The 49ers don't just have an offer on the table for Alex Smith, as reported by NFL Network and CSN Bay Area, it's been on the table for some time. So what's the hold up? Smith has been exceedingly open about wanting to return to the 49ers while the 49ers - namely, Jim Harbaugh -- have been even more effusive in their desire to have him back. It should have been done by now, right?
According to a source with knowledge of the negotiations, the snag is the length of the deal, and with it the amount of guaranteed money. The 49ers are offering a shorter-term deal, believed to be three years. Smith's agent, Tom Condon, is pushing for a longer deal, believed to be five years.
The 49ers' trump card is the same one they use with all of their pending free agents: If you think you can get a better deal on the open market, by all means try to do so.
Does this mean the two parties will go their separate ways? No, it's not even close to that point. With six days to go until free agency begins, this is merely the art of negotiation. There is no need for either side to budge at the moment, and neither side will. As March 13 draws closer, however, expect there to be some sort of compromise from both sides.
Harbaugh, for one, already has said he'd like to get the deal completed as soon as possible. "Definitely as a coach, you worry about a lot of things," he said on Feb. 23. "And when the quarterback's not signed and is a free agent, that leads to some lost sleep."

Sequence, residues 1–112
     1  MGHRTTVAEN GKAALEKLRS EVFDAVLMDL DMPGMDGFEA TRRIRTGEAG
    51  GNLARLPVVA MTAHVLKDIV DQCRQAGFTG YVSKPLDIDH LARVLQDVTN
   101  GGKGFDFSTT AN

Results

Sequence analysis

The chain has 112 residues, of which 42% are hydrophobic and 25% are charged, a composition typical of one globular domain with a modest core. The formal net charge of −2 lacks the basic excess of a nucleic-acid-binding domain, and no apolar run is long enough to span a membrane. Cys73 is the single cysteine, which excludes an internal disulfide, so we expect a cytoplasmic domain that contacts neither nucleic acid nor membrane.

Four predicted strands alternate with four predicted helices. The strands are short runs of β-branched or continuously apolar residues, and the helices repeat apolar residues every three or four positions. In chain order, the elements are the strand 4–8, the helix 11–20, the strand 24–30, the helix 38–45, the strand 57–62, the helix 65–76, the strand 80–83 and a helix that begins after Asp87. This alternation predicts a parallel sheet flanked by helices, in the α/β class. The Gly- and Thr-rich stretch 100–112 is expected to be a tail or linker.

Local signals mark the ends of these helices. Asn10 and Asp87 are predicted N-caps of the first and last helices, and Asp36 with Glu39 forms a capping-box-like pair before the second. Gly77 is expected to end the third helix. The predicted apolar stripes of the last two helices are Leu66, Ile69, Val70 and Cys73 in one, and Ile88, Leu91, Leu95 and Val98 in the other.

Let's say that Smith does make it to the open market. Would there be a market for him? Last year the Seahawks, who were in need of quarterback depth and who employ the man, Scot McCloughan, who drafted Smith in 2005, were interested. Seattle's quarterback situation is no more settled now than it was before the 2011 season and McCloughan likely is just as high on Smith (who at 27 is younger than incoming soon-to-be draft choice Brandon Weeden) as he's ever been.
The upcoming frenzy to sign Peyton Manning will make clear which teams are unhappy with their current quarterback situation. What's more, Manning also is represented by Condon, who will be on the phone with general managers and head coaches all week. What's to stop him from gauging interest in Smith while fielding offers for Manning?
At the heart of the matter, however, is mutual attraction. Smith wants to be with the 49ers. That's why he's pressing for a longer deal. The 49ers, meanwhile, want him here. They value him more than any other team, which is why a deal will get done. It just may be later rather than sooner.
-- Matt Barrows